News reports are emerging today about a case of suspected non-accidental injury where the child was found to have a rare condition called Ehlers Danloss Syndrome (EDS) that could have accounted for the injuries.

ITV report the case here : Baby removed from parents over ‘abuse’ is found to have rare bruising condition

The report seems pretty accurate and to draw out the key points. The judgment itself if very long and goes into some quite technical, detailed medical evidence. For those who wish to read it see : Buckinghamshire County Council v Andrew & Ors [2017] EWFC B19 (26 April 2017).

The judgment demonstrates the significant amount of time and resources that went into trying to get to the bottom of what had caused baby Effie’s collapse as a 5 month old baby. The court heard from six experts of various different disciplines, all recognised as experts in their particular fields. Boiling it down (a lot) the experts all agreed that the discovery that Effie (and her mother) suffered from EDS (Type IV) made this a very unusual and complicated case with no easy answers. Boiling it down even more, most of the experts took the view that the condition could possibly explain the presence of the “triad” symptoms that Effie had presented with (the “triad” is a collection of three things which are often seen in cases of suspected shaking or non-accidental head injury : subdural haemorrhage and retinal haemorrhage and encephalopathy. Just because a child presents with these three signs doesn’t mean that they have been shaken, but it is a recognised flag that will put professionals on alert). One expert didn’t think that the condition could explain the injuries from his perspective (neuroradiology).

So what did the court decide?

The court didn’t specifically decide that the condition caused the symptoms, but it became clear by the end of the evidence that the fact that Effie had that condition meant that it was very difficult to say that the symptoms weren’t entirely innocent and caused or contributed to by her condition. Everyone agreed, having heard the expert evidence that it would not be possible for the court to say that it was more likely than not that the injuries were caused by some sort of shake or abusive head injury : that is to say it couldn’t be proved. Before concluding that this was the case (at the invitation of social services) the judge quite properly went through all the evidence and considered the position. He agreed. The judge considered not just medical evidence but all the other context, including the fact that there were no other signs or warning flags of abusive care (such as bruising on the trunk of the body), and no other concerns about the parents, who were loving parents who conducted themselves entirely appropriately throughout.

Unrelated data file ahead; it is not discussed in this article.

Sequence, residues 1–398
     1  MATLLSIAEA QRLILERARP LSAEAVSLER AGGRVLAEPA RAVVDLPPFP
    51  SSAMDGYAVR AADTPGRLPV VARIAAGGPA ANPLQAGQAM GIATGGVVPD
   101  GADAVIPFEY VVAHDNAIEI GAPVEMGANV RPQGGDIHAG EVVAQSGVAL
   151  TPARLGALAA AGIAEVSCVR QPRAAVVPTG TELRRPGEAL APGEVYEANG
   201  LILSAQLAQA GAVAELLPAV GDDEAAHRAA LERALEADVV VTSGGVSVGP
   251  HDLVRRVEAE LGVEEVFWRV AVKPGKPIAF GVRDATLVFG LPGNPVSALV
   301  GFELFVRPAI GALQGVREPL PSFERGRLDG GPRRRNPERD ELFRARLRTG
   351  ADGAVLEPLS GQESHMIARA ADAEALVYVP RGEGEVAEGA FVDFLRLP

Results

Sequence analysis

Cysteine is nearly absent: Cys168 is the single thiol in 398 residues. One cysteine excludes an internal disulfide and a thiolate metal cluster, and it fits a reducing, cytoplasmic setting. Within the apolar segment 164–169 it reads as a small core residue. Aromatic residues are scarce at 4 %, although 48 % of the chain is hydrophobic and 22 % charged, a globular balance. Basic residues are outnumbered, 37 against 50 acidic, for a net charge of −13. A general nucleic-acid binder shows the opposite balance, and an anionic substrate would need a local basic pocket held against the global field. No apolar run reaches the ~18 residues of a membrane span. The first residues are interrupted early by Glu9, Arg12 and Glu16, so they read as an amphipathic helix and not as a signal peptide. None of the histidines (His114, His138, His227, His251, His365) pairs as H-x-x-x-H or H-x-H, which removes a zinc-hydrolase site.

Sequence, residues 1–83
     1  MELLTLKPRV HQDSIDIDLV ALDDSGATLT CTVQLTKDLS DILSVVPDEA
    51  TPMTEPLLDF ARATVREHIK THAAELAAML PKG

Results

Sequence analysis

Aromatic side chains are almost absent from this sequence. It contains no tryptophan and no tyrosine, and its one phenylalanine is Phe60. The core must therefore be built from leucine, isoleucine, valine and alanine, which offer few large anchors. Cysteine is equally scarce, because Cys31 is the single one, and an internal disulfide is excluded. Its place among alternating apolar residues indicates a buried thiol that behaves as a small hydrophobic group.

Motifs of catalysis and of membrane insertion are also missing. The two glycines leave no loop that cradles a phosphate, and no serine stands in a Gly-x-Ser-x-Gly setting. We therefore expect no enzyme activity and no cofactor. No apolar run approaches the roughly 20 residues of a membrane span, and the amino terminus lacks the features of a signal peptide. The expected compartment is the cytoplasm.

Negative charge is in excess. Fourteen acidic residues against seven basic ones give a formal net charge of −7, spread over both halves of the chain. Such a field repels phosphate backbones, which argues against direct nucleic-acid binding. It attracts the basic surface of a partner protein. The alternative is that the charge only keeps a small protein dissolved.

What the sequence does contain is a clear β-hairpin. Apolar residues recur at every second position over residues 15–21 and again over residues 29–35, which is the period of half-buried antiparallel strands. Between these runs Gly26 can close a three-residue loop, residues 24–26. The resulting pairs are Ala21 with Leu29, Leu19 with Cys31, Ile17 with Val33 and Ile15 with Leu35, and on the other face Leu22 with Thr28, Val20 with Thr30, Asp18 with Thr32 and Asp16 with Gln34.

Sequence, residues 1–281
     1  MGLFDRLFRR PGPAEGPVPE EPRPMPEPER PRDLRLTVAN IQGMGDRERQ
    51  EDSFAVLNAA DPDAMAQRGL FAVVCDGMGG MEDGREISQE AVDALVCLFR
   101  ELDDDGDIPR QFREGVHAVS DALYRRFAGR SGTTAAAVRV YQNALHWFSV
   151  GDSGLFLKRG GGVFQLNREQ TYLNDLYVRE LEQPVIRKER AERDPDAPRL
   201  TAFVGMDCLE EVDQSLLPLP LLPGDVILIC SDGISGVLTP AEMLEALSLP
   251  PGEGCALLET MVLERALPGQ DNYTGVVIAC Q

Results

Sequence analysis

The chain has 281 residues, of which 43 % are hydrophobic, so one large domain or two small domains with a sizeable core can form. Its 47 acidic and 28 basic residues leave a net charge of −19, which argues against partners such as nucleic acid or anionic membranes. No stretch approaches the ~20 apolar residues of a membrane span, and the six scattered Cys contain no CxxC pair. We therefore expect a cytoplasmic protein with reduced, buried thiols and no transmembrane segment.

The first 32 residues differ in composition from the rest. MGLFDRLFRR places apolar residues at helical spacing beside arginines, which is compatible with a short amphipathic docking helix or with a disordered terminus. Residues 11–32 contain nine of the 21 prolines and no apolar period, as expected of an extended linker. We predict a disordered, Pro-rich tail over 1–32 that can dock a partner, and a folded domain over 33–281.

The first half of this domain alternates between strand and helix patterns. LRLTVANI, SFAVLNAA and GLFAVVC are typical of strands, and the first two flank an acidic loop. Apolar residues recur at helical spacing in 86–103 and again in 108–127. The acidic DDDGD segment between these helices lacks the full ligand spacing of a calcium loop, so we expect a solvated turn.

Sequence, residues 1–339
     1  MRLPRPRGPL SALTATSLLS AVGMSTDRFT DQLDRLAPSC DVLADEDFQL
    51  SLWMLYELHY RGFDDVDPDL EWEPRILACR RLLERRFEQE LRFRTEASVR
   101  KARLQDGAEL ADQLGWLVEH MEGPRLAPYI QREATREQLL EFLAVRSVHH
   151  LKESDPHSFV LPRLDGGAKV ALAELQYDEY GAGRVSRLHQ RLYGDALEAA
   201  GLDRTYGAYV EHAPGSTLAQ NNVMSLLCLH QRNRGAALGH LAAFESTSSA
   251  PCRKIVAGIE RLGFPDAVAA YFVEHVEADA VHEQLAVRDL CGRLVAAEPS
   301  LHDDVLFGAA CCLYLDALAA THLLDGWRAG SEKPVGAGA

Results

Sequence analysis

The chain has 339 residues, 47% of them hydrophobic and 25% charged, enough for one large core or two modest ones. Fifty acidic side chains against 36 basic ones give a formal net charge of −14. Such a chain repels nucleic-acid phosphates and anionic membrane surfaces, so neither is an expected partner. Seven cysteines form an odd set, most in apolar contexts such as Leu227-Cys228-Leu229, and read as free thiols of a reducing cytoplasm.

It is important to recognise that although the Local Authority brought the case to court (quite rightly as everyone including the parents accepted) so that the court could gather and consider the evidence, once that evidence had been heard they quite properly didn’t press the court to make findings – indeed they sought permission to withdraw the whole case, meaning Effie would go home. Because it was genuinely not understood how Effie had come to collapse and one possible explanation was inflicted injury, Effie had been in foster care whilst all this was worked out. This must have been very difficult for her parents to cope with, but from the judgment they coped admirably well with it and formed a positive working relationship with the foster carer. Effie will now go home. With that in mind, ITV’s line that “Social services bosses had been attempting to have little Effie put into council care after she collapsed when about five months old in August 2016.” doesn’t quite convey that this was neither a case of a Local Authority gunning” for removal nor one of hostile parents.

Isn’t it unusual for all the family to be named?

Yes, it is very unusual and is usually only done for a very specific reason. Here it was at the request of the family, who no doubt wanted to raise awareness of the potential for EDS (or certain types of EDS) to cause symptoms which may be mistaken for inflicted / shaking injuries.

The only other case of this sort we can think of where the whole family were named is the case of Ellie Butler where, after her father was exonerated of causing her head injury, Mrs Justice Hogg published a judgment setting out the reasons for positively exonerating the father (i.e. saying he had NOT caused the injury, rather than simply saying as in this case that the allegations of infliction were not proved), naming both parents, Ellie and her sibling. That judgment is no longer available online, probably to protect the identity and placement of Ellie’s younger sibling, following Ellie’s tragic death.

Where can I find out about Ehlers-Danloss?

Ehlers-Danloss Syndrome is quite rare, tends to run in families, and has several different types with a range of variable symptoms (Effie had type IV). It is a connective tissue disorder and causes symptoms like easy bruising or bleeding and hyper-mobility (double jointedness to you and me). It does come up from time to time in this sort of case along with various sorts of rare blood disorders, that lawyers will often ask experts to test for in cases where it is thought a child may have been shaken but where the parents deny this is so. The writer of this post has dealt with cases in which EDS Type IV has been diagnosed and has been held to have been the cause of triad type symptoms and bruising so it is rare but not unprecedented.

More information can be found here or here.

Feature pic : (baby’s foot) courtesy of Abhijit Chendvankar on Flickr (via Creative Commons Licence) – thanks!